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SME Banking


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The Government of India has enacted the Micro, Small and Medium Enterprises Development (MSMED) Act, 2006 on June 16, 2006 which was notified on October 2, 2006.

With the enactment of MSMED Act 2006, the paradigm shift that has taken place is the inclusion of the services sector in the definition of Micro, Small and Medium enterprises, apart from extending the scope to medium enterprises.

The MSMED Act, 2006 has modified the definition of micro, small and medium enterprises engaged in manufacturing or production and providing or rendering of services. The Reserve Bank has notified the changes to all scheduled commercial banks. Further, the definition, as per the Act, has been adopted for purposes of bank credits vide RBI Circular Ref. RPCD.PLNFS. BC.No. 63/06.02.31/2006-07 dated April 4, 2007.

Small and Medium Enterprises (SME) sector in India is the key driver of the nation’s economic growth with a contribution of over 40% to the country’s industrial output and around 35% to direct exports. It accounts for over 90% of the industrial units in the country. In terms of employment, this sector plays a very crucial role, being the second largest employer after agriculture. The impressive performance has been in spite of the inadequacies in capital, technology and marketing.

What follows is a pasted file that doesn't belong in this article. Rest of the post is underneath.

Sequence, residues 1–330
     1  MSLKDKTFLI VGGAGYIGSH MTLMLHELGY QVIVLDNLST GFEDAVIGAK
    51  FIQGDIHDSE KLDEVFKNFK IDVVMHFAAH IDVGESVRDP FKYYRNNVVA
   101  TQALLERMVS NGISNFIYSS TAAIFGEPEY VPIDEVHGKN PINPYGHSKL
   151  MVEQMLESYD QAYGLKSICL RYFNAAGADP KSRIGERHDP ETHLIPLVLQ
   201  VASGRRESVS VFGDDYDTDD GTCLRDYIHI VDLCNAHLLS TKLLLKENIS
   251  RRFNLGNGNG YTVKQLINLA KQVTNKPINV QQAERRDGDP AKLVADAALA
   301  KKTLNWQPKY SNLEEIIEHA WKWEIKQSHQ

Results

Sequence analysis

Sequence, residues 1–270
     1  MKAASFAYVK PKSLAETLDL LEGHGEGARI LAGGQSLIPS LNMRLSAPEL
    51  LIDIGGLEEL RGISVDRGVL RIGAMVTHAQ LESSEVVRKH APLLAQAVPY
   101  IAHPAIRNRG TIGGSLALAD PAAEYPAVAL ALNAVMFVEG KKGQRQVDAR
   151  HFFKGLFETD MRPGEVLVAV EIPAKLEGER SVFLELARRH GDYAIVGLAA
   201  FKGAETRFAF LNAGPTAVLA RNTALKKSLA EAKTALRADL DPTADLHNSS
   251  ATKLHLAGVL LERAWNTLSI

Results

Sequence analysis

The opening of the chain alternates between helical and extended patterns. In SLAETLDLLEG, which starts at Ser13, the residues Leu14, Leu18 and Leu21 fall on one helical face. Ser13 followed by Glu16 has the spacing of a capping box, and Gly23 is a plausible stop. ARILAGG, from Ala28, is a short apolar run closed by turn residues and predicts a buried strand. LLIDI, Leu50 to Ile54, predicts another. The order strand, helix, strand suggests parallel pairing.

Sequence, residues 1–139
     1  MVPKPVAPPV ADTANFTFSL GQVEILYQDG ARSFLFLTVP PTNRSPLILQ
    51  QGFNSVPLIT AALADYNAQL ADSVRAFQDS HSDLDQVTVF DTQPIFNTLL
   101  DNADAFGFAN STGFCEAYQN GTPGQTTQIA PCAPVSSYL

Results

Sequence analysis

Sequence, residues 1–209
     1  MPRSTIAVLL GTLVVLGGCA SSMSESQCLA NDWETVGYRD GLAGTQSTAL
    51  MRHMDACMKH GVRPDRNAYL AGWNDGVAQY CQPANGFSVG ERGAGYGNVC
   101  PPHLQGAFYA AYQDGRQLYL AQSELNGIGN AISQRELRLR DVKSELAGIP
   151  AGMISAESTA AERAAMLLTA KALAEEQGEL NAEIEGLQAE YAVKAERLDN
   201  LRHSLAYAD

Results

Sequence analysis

The Industries Development and Regulation Act, 1951, defines SMEs according to limits in Investment in Plant andMachinery. The small-scale sector, in India, comprises of the abstractness in defining a SME presents difficulty in identifying them, formulate and implement suitable policies for them. The limit on investment in Plant and Machinery and a plethora of laws governing (58 laws in 7 different categories) them, some of the SSIs seek refuge in remaining small inspite of opportunities to grow. The small size, opacity of the firms and their lack of awareness have bred the following hindrances to their growth:

1. Under utilization of capacities.
2. Inadequate and untimely credit flows.
3. Inability in technology upgradation.
4. Inefficient raw material procurement.
5. Inability to market finished goods.
6. Ineffective monitoring and feedback mechanism.

Small businesses today are being variously described as the backbone of the industrial economy or as the drivers of the economy or even as the engine of the growth for industry. Though individually small, collectively the small sector has emerged as a dominant player in most economies, be they developing or developed. Performance of the small sector therefore, has a direct multiplayer impact upon the growth of the national economy. The sector has been consolidating over the years. What is new is the articulation and recognition of this process and its pump priming role.


Contents –

1. Introduction
2. Products Offered and their Process Mapping
3. Why Banks are Not Interested in Financing SME?
4. Interaction with SME Clients
5. Micro, Small and Medium Enterprises (MSME)
6. Risk Management in SME with Special Context to CGFT
7. One Approach to Risk Management in SMEs Banking
8. Conclusion and Recommendations
RBI Guidelines on Priority Sector Lending


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244 (In Grams)

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Dr. Suresh Chandra Bihari


Himalaya pub